Going with the Grain

Illustrations from Jahrbuch der Deutschen Landwirtschafts-Gesellschaft (1891)

“Take a look at the wheat field that has been brought up to perfection, as it stands! Yellow as gold, with the sheen of the sea, billowing from sky-line to sky-line like an ocean of gold, where the wind touches the rippling wave crests with the tread of invisible feet!” — Agnes C. Laut, “Harvesting the Wheat” (1908)
In 1786 Russia’s Catherine the Great invited the Mennonites to leave their West Prussian farms and settle the vast, empty steppes she had seized from the Turks. She knew their reputation for hard work, which they made evident by excelling in dairying, crafts, trade and farming, and so prospering when others failed. Industriousness they had in spades; what they lacked was religious freedom. To sweeten her offer the good czarina promised them tolerance and the liberty to worship as they pleased. For good measure she also exempted them from military duty and granted them license to operate breweries, flour mills, stores and bakeries.

“‘I don’t need fancy things like Amanda,’ declared the hired girl. ‘I wear the old style o’ clothes yet. And for top things, why, I made up my mind I’m goin’ to wear myself plain and be a Mennonite.'” — from Anna Balmer Myers’s Amanda: A Daughter of the Mennonites (1921)
“In the cultivation of the earth, two modes may be adopted; either it may be cultivated in common or individually; the disadvantage of the former is that it makes no distinction between the weak and strong, the idle and industrious: for superior exertion and ability there is no superior reward. Under this system, the world would not be reclaimed — men will not willingly labour for others; to stimulate exertion, rewards must in some degree be proportioned to desert.” — John Wade, History of the Middle and Working Classes (1834)
The pious Prussian sectarians found Catherine’s offer too impressive to refuse. Hundreds of them packed up and headed east for the fertile banks of the Dneiper River, among whose lush forests of oak and wild pear they made their new home. The climate resembling that of their Prussian homeland, they lost no time turning Russian soil to account. Primitive wagons, plows, harrows and flails they used to cultivate rye, oats, barley, potatoes and vegetables. They fished, reared livestock and generally flourished. In growing cereal grains they showed themselves expert hands. Markets as far away as Britain and Italy clamored for Mennonite wheat (consumers in the latter country found that it made particularly nice macaroni). Increased demand made necessary a comprehensive upgrade in the scale and technological sophistication of their farming techniques.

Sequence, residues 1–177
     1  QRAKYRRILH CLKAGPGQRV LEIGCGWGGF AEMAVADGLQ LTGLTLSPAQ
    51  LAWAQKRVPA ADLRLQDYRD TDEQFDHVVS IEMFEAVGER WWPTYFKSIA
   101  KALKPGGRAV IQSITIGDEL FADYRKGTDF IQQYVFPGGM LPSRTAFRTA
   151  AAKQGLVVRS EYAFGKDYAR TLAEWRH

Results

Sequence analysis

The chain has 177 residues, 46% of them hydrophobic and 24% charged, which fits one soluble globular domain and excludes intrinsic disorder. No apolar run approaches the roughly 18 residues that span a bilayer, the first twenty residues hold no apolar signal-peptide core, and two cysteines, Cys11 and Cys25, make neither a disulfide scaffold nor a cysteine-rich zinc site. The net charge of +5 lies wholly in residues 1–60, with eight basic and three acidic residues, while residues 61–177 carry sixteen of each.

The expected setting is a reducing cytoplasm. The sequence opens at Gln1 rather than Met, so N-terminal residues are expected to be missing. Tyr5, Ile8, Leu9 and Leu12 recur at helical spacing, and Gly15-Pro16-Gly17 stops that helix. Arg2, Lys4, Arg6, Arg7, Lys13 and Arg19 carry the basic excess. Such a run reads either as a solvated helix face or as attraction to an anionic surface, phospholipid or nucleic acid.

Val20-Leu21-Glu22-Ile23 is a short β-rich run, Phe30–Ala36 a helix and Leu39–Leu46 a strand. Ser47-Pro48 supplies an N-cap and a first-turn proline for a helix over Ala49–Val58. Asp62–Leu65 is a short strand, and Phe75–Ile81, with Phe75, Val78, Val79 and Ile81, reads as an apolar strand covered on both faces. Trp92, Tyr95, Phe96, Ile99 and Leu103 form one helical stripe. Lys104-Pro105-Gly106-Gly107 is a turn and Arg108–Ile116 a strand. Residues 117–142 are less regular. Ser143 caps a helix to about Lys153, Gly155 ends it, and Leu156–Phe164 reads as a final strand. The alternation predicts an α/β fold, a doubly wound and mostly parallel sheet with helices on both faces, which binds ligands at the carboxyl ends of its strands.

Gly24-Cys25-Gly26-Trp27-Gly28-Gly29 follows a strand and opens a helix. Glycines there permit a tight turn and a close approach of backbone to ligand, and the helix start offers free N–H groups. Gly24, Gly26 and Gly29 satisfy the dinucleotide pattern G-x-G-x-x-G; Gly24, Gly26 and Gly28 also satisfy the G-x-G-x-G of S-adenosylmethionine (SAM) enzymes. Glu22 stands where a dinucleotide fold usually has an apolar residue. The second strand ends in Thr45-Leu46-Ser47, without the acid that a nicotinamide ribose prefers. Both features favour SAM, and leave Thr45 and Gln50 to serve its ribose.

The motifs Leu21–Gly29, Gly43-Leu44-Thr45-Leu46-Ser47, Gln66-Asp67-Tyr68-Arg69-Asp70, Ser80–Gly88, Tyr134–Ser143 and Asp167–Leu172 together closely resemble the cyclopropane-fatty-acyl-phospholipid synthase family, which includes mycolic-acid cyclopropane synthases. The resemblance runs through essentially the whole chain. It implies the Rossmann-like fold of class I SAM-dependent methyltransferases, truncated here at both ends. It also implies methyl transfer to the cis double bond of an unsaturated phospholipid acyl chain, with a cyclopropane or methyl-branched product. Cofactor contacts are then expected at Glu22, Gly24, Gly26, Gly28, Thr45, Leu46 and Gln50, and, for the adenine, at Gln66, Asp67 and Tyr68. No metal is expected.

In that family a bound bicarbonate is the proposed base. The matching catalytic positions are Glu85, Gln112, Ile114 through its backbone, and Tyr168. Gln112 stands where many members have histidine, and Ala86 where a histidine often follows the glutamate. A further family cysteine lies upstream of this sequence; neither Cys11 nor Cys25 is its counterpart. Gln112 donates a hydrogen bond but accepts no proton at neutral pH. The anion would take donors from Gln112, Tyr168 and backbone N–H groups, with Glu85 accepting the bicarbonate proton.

“Pray for a good harvest, but keep on hoeing.” — Slovenian proverb
The transplanted Mennonites adopted threshers and other machines and ditched their wagons and flails. With the abandonment of customary equipment certain time-honored harvest traditions perished. Late summer of past years brought men, women and children to the fields. There the men would swing large scythes, mowing down the stalks before them, as the women followed them with food and water. The mowed wheat the men piled on the ground. Later they would bind it into sheaves and leave it to dry in the sun. Once dry these sheaves they would pitch into hayracks and haul to the farmstead. There they would thresh it by laying it on the ground and having a team of horses drag a stone over it. This threshed grain they stored in special bins in the attic of their homes, which featured steep roofs designed for this purpose.

Recipe for Obstmoos from Mennonite Foods and Folkways from South Russia: “1 cup dried apples, 1 cup dried prunes, 1 cup raisins, 1/2 cup dried peaches, 1/2 cup dried apricots, 8 cups water, 1-2 Tbsp. cornstarch, 3/4 cup sugar, 1/2 tsp. powdered cinnamon or 2 sticks cinnamon, 1/2 tsp. salt, 2 cups milk. Wash fruit and place in kettle with water. Cook until almost tender. Prepare thickening of cornstarch, sugar, cinnamon and salt. Add a little water. Stir into the Moos. Cook 5 minutes. Cool Moos. Add milk. Hint: If using stick cinnamon, add before the last boiling. Also, adding 2 Tbsp. vinegar enhances the flavor.”
A man could mow two acres a day. Grueling work, it made him look forward all the more to his midday break, at which time his and the other men’s wives would produce ripe watermelons, crullers, cherry pancakes and a thick fruit soup known as Moos. This feast they washed down with cups of coffee, milk and cold water.

 

Bare fields signaled the end of the season. The last load of wheat to leave the field the farmers crowned with sheaf of wheat on a pitchfork stuck upright into the top of the load, a sign to the whole village that they had cleared the fields, and that the end-of-harvest celebration could begin. Women decorated the final sheaf with flowers and the village church with wreaths of wheat. More crullers and Moos appeared on tables, and disappeared shortly thereafter. For Mennonites work was sweet — if for no other reason than it made their hard-earned leisure even sweeter.